Every couple of years, The Immunization Partnership embarks on a major project to assess how well Texas is fighting vaccine-preventable disease. Its newly released “State of the State” report is chock full of fascinating and sometimes surprising information, backed by solid data.
There’s one small section that’s particularly eye-grabbing. It shows the number of Texans who were sickened by carious illnesses at their highest point during the 20th century and how many caught those same illnesses in 2015.
Here’s a striking comparison: Polio, 2,778 cases in 1950. In 2015, the number was zero.
In 1958, the state experienced 88,000 cases of measles, a disease that can kill, or cause encephalitis or deafness. In 2015: One case.
Rubella, a disease that can cause severe birth defects in the developing fetuses of pregnant woman, struck 8,408 Texans in 1970. That had been reduced to two cases by 2015.
And on and on the numbers go.
You get the picture. In a world that has benefited from the creation of vaccines, many so-called “childhood” diseases that once killed or caused disabling, lifelong health problems have been vanquished or close to it. The numbers for many diseases in 2015 would be even lower if more Texans were vaccinated.
The vast majority of Texas parents recognize the health-preserving value of vaccines, the report notes:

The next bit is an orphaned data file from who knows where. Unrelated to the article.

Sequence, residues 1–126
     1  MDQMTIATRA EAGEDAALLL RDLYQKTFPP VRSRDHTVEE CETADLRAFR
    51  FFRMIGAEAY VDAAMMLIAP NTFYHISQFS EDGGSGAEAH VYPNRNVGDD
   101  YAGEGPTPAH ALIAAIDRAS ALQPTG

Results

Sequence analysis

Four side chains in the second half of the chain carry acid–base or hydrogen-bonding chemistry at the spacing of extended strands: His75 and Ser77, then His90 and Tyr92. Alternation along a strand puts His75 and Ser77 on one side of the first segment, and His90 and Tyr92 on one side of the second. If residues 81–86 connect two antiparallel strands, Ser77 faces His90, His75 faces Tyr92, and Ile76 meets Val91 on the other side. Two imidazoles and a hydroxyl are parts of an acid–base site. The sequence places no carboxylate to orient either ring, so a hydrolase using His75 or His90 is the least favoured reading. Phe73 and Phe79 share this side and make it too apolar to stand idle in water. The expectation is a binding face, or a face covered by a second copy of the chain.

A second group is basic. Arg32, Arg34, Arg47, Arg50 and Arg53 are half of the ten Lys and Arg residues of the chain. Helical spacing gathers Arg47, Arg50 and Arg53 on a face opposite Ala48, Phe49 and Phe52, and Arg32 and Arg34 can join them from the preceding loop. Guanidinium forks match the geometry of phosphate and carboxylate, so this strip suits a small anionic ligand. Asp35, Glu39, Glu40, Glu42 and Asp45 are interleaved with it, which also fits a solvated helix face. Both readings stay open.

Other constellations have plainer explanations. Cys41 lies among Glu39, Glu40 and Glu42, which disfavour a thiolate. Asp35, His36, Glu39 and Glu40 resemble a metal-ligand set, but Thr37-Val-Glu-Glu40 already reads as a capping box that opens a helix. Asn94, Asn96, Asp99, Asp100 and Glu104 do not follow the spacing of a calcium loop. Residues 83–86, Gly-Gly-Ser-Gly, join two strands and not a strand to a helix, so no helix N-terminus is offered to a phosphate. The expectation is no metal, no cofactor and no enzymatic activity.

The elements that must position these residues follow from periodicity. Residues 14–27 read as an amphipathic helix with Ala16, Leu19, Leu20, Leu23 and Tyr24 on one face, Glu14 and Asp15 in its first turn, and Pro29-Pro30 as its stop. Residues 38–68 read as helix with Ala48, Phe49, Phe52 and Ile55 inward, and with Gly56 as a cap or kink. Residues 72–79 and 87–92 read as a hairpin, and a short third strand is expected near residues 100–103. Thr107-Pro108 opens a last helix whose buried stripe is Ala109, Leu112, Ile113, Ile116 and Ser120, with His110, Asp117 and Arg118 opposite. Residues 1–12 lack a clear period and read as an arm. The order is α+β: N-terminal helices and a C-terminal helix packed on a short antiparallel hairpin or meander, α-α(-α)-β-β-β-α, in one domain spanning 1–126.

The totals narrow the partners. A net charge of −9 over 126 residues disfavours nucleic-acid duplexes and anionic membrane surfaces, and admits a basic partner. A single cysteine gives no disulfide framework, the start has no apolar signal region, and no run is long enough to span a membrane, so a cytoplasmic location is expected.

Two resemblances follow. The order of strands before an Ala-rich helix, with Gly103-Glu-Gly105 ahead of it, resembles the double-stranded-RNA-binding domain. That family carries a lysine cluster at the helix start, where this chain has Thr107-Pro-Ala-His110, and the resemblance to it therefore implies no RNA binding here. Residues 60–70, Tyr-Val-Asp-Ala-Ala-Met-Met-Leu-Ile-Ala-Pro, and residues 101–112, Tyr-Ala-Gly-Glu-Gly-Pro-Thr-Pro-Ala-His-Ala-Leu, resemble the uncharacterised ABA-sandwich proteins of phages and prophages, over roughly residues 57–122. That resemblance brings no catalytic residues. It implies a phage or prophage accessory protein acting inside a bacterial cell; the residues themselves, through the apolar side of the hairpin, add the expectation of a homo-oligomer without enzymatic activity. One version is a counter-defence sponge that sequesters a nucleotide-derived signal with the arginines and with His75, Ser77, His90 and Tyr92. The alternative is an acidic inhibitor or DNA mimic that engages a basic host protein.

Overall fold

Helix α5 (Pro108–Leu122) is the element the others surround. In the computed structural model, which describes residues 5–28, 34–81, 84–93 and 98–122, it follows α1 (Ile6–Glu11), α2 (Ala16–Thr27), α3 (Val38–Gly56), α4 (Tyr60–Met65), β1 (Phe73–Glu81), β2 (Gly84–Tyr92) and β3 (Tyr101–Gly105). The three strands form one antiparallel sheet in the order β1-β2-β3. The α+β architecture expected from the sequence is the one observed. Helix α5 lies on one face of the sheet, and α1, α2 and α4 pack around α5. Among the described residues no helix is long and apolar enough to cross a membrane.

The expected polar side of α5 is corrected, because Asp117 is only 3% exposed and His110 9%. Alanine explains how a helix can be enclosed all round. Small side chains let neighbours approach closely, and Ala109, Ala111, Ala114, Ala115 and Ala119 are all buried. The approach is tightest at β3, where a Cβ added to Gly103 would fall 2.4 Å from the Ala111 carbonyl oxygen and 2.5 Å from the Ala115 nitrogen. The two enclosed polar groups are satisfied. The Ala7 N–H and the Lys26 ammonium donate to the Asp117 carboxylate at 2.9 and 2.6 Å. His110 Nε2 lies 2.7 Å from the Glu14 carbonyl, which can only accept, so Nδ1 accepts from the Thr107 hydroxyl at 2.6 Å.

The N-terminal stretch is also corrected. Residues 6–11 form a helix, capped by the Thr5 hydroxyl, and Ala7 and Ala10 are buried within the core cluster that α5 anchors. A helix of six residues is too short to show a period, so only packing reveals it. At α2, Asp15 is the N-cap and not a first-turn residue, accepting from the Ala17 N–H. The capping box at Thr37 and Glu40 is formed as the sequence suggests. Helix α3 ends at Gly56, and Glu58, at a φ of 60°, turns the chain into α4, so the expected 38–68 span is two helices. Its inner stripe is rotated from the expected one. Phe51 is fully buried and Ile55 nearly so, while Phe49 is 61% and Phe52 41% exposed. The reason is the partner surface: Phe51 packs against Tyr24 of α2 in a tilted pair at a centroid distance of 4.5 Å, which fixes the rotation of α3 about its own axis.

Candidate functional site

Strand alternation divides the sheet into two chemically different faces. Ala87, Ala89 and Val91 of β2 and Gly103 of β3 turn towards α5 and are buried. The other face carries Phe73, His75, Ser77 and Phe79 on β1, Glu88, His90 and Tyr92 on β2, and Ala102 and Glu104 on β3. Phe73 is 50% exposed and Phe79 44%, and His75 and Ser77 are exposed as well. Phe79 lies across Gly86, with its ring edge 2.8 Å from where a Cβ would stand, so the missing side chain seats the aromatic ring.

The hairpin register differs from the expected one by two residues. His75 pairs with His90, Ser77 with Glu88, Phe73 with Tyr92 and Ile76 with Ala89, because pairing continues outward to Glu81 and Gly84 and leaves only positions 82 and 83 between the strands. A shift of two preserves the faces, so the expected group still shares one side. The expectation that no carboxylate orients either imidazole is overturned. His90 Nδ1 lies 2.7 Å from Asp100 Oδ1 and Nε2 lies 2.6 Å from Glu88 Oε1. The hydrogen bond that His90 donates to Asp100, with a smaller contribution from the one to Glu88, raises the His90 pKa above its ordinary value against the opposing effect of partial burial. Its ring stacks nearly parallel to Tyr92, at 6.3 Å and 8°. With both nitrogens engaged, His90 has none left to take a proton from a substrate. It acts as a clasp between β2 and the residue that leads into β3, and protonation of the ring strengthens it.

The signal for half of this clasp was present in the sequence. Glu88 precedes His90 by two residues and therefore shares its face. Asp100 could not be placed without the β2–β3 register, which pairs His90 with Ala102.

It is no surprise then that the overwhelming majority of parents choose to vaccinate their kids. More than 96 percent of Texas kindergartens received school-required vaccines during the 2017-2018 school year, and two-thirds of toddlers are up-to-date on most recommended vaccines by age 3 years.
High vaccination rates resulted in a steep drop in once-rampant infections like varicella (chickenpox). While many adults may remember chickenpox as an unpleasant rite of passage, the varicella virus can be dangerous — even deadly. Prior to the release of the vaccine, an estimated 11,000 people were hospitalized every year because of the chickenpox virus, and more than 100 people died annually.
But there are other statistics in the report that are far less reassuring.
Non-medical exemptions from vaccine requirements are 25 times higher than they were in 2003.
And one in six public independent school districts have vaccine rates that are below herd immunity – the level at which so many students are vaccinated that it protects the everyone, including the children who cannot be vaccinated because they have compromised immune systems.
Nine in 10 parents believe that all children should be vaccinated, except of course those who cannot be for valid medical reasons. Yet the number of non-medical exemptions from vaccine rules creep up every year.
In other words, the report reveals a state where the vast majority of residents have a strong understanding of the benefits of vaccines, and have been healthier for it. But there also are disturbing signs of creep in the wrong direction that could quickly undermine the wonderful progress Texans have made.
You can read the full report here.